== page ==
Judge Rules (Duh!) That NYPD Can Spy On Mosques
by IBD Editorials
Jihad: In a major victory for homeland security and a major blow to Islamist apologists, a judge has ruled the NYPD's surveillance of mosques was a lawful effort to prevent terrorism, not a civil rights violation.
Several radical Islamist front groups — including the Muslim Brotherhood-tied Muslim Students Association — accused the NYPD of violating their civil rights through a post-9/11 program that included infiltrating and monitoring mosques to gather intelligence on jihadists and disrupt terror plots.
In 2011 they sued the police department to kill the program and collect damages.
On Friday, a federal judge killed their lawsuit instead.
The decision is a shot in the arm for law enforcement looking for the best ways to protect the nation from another Islamic terror attack. If these pressure groups had succeeded in suing the NYPD, it would have handcuffed cops and given a green light to Islamic jihadists.
Yet the judge agreed with the common-sense logic we've argued all along: Police can't monitor the country for Muslim terrorist activities without monitoring the Muslim community itself — including its places of worship, where too many terrorists are radicalized.
"The motive for the program was not solely to discriminate against Muslims, but rather to find Muslim terrorists hiding among ordinary law-abiding Muslims," said U.S. District Judge William Martini in his ruling.
After 9/11 — the second Islamic terror attack on the World Trade Center in less than a decade — the NYPD decided enough was enough. Both the 1993 and 2001 plots had connections to area mosques.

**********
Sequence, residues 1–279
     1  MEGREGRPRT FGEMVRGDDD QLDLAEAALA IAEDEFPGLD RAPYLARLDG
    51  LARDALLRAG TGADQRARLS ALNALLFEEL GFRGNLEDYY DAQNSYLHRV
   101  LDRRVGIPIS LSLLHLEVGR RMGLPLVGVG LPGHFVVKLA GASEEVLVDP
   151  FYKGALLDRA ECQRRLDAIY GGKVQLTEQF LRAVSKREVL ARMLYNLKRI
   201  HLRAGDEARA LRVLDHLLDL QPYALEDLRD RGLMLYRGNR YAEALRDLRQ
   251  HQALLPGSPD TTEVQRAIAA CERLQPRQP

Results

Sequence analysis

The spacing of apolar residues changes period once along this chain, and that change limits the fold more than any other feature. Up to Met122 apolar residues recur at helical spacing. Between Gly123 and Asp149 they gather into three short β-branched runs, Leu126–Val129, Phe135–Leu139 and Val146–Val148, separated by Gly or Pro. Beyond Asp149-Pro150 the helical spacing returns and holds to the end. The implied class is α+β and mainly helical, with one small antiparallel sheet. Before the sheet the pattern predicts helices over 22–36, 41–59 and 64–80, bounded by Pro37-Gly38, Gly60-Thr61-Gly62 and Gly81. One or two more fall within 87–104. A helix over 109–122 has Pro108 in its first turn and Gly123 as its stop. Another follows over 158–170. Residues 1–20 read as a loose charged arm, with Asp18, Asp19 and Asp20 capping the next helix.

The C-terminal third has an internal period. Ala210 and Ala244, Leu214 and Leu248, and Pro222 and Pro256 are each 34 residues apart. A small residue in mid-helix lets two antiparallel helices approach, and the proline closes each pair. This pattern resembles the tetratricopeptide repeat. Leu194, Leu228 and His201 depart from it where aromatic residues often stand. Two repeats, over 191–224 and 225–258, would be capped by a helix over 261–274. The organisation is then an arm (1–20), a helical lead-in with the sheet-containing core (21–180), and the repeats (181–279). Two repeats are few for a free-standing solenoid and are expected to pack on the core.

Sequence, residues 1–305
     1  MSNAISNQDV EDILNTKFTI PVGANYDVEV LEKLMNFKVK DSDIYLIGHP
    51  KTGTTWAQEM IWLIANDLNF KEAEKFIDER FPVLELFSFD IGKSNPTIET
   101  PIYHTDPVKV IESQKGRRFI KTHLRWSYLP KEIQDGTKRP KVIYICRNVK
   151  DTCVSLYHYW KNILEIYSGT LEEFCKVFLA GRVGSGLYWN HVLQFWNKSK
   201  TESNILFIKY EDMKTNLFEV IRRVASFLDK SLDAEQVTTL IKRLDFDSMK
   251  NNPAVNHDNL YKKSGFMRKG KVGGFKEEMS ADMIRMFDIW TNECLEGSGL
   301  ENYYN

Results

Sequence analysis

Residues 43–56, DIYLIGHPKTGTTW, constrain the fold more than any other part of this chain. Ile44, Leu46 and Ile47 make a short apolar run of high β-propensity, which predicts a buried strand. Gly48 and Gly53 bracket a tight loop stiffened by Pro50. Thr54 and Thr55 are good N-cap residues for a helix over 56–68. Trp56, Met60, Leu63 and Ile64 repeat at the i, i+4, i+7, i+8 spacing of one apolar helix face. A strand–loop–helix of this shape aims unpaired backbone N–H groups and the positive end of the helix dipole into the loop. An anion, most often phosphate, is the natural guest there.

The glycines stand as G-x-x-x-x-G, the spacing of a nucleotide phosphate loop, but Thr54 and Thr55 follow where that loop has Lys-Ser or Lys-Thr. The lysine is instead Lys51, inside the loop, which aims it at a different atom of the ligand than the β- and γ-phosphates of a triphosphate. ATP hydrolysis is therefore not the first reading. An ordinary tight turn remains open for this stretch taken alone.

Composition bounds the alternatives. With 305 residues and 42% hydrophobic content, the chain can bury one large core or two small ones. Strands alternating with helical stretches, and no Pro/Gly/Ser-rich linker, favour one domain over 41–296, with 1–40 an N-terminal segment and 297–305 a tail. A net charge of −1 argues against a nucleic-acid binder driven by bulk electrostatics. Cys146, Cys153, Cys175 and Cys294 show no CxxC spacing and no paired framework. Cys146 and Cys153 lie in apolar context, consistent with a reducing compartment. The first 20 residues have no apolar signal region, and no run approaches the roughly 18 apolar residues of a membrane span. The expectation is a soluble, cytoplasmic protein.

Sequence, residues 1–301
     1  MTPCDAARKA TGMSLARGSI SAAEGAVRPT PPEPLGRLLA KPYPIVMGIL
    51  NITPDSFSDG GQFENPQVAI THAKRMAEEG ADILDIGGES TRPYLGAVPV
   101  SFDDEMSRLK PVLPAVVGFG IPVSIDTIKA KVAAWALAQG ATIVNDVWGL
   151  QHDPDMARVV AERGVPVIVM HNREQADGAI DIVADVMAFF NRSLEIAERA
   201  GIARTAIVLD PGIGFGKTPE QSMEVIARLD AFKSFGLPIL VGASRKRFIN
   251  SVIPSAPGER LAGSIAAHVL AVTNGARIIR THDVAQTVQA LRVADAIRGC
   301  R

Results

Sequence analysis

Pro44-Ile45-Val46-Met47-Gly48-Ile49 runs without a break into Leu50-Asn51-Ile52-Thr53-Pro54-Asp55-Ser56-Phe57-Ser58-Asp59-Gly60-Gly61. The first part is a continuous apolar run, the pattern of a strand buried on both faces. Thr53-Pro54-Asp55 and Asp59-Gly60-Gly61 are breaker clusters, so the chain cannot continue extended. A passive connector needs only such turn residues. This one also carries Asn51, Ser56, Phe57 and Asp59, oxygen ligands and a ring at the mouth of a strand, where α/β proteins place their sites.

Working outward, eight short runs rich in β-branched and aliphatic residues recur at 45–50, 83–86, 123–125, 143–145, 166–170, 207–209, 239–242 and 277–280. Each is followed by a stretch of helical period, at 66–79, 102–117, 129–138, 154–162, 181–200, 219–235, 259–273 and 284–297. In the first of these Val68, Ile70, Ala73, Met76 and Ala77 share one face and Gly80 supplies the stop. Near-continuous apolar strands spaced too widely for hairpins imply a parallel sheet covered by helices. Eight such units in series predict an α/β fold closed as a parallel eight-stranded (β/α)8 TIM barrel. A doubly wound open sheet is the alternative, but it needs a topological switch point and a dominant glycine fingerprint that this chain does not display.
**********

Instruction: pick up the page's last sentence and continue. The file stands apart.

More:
So the police commissioner asked the FBI to bug the Masjid al-Farooq mosque, which had a long history of ties to radicals, including Omar Abdel Rahman, the blind sheik convicted of plotting to blow up New York landmarks. The mosque was also linked to other al-Qaida leaders and had raised money for the terror group.
Still, the FBI refused to bug the mosque. So the NYPD started its own surveillance program, secretly labeling entire mosques as terrorism organizations.
It argued radical mosques could be used "to shield the work of terrorists from law enforcement scrutiny by taking advantage of restrictions on the investigation of First Amendment activity."
Muslim activists complained police were discriminating against Muslims anywhere and everywhere.
In fact, internal documents show the NYPD was highly selective in its monitoring, gathering intelligence on only a dozen of the most radical mosques in the area.
Thanks to the program, New York has disrupted 18 major terror plots against the city since 9/11.
Sadly, the same can't be said for other cities where political correctness has trumped effective terrorist-hunting. If Boston authorities had been as proactive as their counterparts in New York, they might have caught the radicalization of the Tsarnaev brothers at their Cambridge mosque and disrupted last year's Boston Marathon bombing plot.
The usual cry has gone up from Muslim activists, who claim the ruling injures Muslims by trampling on their religious rights.
But the judge ruled the mosque spying program causes no innocent Muslim harm.
Martini laid the guilt for any injury at the feet of the Associated Press, which in 2011 reported on confidential NYPD documents and potentially exposed undercover operatives.
"Plaintiff's alleged injuries flow from the Associated Press's unauthorized disclosure of the documents," Martini asserted.
AP's reporting was shameful. It never bothered to put the program in context of the 1993 and 2001 Islamic terror attacks on New York.
The only thing better than this ruling would have been if the judge had ordered AP to give back the Pulitzer Prize it won for its damaging stories.
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